Gold Demand Jumps 36% as Investors Step Up Purchases of ETFs, Council Says

Gold demand rose 36 percent in the second quarter as investors boosted purchases of bullion-backed funds and sent prices surging during Europe’s sovereign-debt crisis, the producer-funded World Gold Council said.

Global demand rose to 1,050.3 metric tons from 769.6 tons a year earlier, the London-based industry group said today in a report. Investors purchased 291.3 metric tons of gold in exchange-traded funds, or ETFs, the second-highest quarter on record, and central banks were net buyers for a fifth straight period.

Gold traded in New York averaged $1,198.05 an ounce during the quarter, up 30 percent from a year earlier, as Europe’s fiscal woes spurred investors to buy gold as a haven. The metal surged to a record $1,266.50 on June 21 and reached the highest ever in euros, sterling and Swiss francs.

“We see a fresh incentive in terms of investment demand with ongoing uncertainty over debt levels, the lack of confidence in financial markets and the economic recovery still weak,” said Eily Ong, a research manager at the council in London.

Gold prices have rallied 13 percent this year in New York, heading for the 10th straight annual gain.

Investment demand, including bars and coins, more than doubled to 534.4 tons from 245.4 tons, the council said. Jewelry demand fell 5.1 percent to 408.7 tons, and total demand from India, the biggest buyers of the metal, was little changed from a year earlier at 164.5 metric tons.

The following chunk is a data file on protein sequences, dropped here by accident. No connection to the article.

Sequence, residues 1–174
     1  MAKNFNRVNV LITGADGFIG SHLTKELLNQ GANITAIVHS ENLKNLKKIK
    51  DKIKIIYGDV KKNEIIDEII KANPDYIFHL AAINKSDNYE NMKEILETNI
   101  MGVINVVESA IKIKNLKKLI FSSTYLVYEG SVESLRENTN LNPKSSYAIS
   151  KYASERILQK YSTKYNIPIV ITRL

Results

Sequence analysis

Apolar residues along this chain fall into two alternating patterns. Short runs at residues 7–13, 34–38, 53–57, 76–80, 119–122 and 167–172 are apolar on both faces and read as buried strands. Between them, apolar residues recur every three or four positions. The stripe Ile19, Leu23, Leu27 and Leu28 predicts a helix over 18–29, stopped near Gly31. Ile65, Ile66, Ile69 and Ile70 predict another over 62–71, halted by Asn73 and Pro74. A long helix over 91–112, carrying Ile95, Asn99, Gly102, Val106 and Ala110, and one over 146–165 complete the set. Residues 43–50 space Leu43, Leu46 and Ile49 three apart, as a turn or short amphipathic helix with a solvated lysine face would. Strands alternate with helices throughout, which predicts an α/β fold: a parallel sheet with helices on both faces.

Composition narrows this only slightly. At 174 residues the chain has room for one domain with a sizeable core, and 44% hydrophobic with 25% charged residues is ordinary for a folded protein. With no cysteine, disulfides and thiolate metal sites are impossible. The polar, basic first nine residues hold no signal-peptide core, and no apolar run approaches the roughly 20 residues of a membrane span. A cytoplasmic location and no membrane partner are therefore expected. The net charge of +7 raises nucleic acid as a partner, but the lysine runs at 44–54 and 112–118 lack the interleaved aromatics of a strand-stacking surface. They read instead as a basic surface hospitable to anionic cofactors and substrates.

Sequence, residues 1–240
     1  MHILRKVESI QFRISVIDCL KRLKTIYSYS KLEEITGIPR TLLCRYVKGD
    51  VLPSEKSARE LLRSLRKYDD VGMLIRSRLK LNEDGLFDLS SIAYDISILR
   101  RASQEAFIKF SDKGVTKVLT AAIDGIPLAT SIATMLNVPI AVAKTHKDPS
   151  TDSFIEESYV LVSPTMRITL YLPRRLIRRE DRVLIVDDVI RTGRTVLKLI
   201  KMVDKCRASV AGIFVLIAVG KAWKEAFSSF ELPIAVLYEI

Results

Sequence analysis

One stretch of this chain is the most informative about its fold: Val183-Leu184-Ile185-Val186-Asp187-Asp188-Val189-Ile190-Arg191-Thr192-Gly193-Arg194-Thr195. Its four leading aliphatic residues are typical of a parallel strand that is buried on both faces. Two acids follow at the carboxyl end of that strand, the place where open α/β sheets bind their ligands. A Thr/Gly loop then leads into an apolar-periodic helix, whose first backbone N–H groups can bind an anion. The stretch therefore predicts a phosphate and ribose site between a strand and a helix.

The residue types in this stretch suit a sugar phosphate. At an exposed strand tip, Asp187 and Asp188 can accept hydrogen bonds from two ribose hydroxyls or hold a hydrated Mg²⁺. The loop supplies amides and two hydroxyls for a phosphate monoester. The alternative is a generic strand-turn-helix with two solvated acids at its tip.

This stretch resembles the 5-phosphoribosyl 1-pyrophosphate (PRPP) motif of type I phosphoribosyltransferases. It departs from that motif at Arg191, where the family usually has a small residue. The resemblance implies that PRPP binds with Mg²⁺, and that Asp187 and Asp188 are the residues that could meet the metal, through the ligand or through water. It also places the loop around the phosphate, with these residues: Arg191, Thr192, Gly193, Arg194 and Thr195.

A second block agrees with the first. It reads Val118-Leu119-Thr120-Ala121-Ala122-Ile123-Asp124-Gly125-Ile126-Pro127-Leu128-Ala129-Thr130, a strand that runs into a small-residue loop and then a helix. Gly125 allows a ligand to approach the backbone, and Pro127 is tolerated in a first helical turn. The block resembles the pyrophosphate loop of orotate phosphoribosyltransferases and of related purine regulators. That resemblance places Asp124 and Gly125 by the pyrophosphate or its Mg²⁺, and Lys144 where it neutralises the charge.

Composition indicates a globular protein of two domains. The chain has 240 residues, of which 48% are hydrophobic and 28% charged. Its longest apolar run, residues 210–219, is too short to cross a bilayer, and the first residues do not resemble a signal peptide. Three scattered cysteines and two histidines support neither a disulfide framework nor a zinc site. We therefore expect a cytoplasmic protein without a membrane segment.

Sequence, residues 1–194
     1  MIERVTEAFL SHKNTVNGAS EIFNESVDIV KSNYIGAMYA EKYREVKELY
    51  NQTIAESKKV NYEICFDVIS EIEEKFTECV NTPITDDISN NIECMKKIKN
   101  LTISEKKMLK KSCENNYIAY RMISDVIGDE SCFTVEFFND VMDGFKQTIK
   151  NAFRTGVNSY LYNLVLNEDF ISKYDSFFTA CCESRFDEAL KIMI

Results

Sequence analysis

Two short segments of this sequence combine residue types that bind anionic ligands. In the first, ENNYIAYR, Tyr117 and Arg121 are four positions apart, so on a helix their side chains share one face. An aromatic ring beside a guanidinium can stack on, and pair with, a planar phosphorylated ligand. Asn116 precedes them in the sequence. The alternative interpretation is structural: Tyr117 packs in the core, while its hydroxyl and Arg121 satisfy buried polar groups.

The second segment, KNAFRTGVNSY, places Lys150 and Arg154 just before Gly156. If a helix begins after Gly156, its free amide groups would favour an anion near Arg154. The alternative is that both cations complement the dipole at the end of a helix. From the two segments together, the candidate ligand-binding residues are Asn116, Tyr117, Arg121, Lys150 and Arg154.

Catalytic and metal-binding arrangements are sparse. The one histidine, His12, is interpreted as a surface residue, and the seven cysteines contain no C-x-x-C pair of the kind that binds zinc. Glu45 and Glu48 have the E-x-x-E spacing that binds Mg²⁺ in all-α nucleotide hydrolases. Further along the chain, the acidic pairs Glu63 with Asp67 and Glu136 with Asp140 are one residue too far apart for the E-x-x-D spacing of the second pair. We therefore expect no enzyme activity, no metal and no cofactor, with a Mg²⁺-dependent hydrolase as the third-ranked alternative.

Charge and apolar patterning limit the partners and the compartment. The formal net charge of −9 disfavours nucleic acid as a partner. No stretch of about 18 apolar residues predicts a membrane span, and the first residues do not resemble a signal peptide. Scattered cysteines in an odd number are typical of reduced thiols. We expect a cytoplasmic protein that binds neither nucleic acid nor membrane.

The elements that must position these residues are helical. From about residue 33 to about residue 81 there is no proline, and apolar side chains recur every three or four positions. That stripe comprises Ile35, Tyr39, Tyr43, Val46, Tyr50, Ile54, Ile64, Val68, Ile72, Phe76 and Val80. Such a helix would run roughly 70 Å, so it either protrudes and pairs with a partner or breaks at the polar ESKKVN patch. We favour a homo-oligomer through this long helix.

Safe-Haven Buying

Quarterly investment in gold ETFs surged as European policy makers pledged $1 trillion to rescue the region’s economy. ETFs attracted 465.1 tons of investment in the first quarter of 2009, the most ever, after the Federal Reserve slashed the main U.S. interest rate to between zero and 0.25 percent to stimulate the economy and Congress passed the Troubled Asset Relief Program to bail out banks.

Gold supply rose almost 18 percent to 1,131.6 tons from 963 tons, the council said. Central banks purchased 7.7 metric tons during the quarter and producers bought back 15 tons.

Gold futures for December delivery rose $4.90, or 0.4 percent, to close at $1,233.40 an ounce yesterday on the Comex in New York. Gold for immediate delivery in London rose $4.40, or 0.4 percent, to $1,230.55 an ounce as of 10 p.m. yesterday.

To contact the reporter on this story: Pham-Duy Nguyen in Seattle at pnguyen@bloomberg.net.

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